- Australian Paralympic Team – 149 medals including 63 gold and 1st on medal table
John Coates often commented before the 2000 Sydney Games that a major way of determining success of the Games was a successful team. There is constant pressure for national sports organisations to deliver effective and successful high performance programs. For example, Triathlon Australia came under fire after poor results at the Tokyo Olympics and this led to an Australian Institute of Sport review of its high performance program. The strong interest in the review led to 100 submissions.
Sport administrators will be under pressure to meet the expectations of ‘medal’ success in the lead up to 2032 Games, but this may be hampered by decreased or stable Australian and State Government funding due to budgetary pressures from the COVID pandemic.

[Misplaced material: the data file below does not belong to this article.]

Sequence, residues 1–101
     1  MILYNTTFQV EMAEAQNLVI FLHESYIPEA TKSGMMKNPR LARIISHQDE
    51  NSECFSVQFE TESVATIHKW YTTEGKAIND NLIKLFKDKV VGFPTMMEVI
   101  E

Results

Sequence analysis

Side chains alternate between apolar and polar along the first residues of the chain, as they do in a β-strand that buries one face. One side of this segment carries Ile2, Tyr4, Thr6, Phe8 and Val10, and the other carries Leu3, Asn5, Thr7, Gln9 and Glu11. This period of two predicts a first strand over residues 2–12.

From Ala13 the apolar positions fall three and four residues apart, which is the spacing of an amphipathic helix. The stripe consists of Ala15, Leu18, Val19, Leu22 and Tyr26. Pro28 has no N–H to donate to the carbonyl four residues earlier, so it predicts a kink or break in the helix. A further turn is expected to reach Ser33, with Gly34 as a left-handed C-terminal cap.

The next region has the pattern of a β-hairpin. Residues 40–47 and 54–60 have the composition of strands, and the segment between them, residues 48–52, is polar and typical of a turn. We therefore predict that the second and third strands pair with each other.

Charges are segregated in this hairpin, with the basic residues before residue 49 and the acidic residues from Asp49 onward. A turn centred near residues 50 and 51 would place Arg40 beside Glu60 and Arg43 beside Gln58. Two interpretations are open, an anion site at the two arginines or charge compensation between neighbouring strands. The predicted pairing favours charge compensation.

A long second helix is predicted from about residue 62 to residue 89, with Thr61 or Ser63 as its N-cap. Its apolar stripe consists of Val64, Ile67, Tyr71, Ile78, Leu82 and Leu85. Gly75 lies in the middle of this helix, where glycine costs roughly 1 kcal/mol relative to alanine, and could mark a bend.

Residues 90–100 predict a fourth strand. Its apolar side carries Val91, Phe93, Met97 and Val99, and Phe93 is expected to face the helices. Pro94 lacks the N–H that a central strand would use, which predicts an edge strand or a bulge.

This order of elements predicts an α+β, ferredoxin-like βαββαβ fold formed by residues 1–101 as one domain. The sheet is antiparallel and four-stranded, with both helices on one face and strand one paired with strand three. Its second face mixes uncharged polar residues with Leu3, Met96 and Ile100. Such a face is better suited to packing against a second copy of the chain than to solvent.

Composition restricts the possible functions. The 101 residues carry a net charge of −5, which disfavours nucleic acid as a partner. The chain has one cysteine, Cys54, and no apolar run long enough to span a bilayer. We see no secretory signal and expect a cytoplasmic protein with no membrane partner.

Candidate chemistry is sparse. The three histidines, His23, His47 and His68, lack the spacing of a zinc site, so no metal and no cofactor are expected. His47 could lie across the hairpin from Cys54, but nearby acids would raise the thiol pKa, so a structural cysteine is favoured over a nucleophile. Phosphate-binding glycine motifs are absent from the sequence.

Hosting International Sporting Events
National sports organisations with Australian and State Governments support have successfully won bids to host major competitions –
2022 -FIBA Basketball Women’s World Cup, ICC Cricket Men’s T20 World Cup, UCI Cycling Road World Championships, FINA World Short Course Swimming Championships
2023 -World Athletics Cross Country Championships, FIFA Football Women’s World Cup
2025 – ICF Canoe Slalom World Championships
2026 – Commonwealth Games, UCI BMX World Championships
207 – Netball World Cup, Rugby Men’s World Cup
2028 -Golf Presidents Cup
These events with the likelihood of additional events in the lead up to the 2032 Brisbane Olympic and Paralympics are likely to place additional resource demands on national sports organisations. It is important that these events are financially well managed as in the past several national sports organisations have needed to be bailed out after hosting international events. Another major issue to be managed by sports organisations.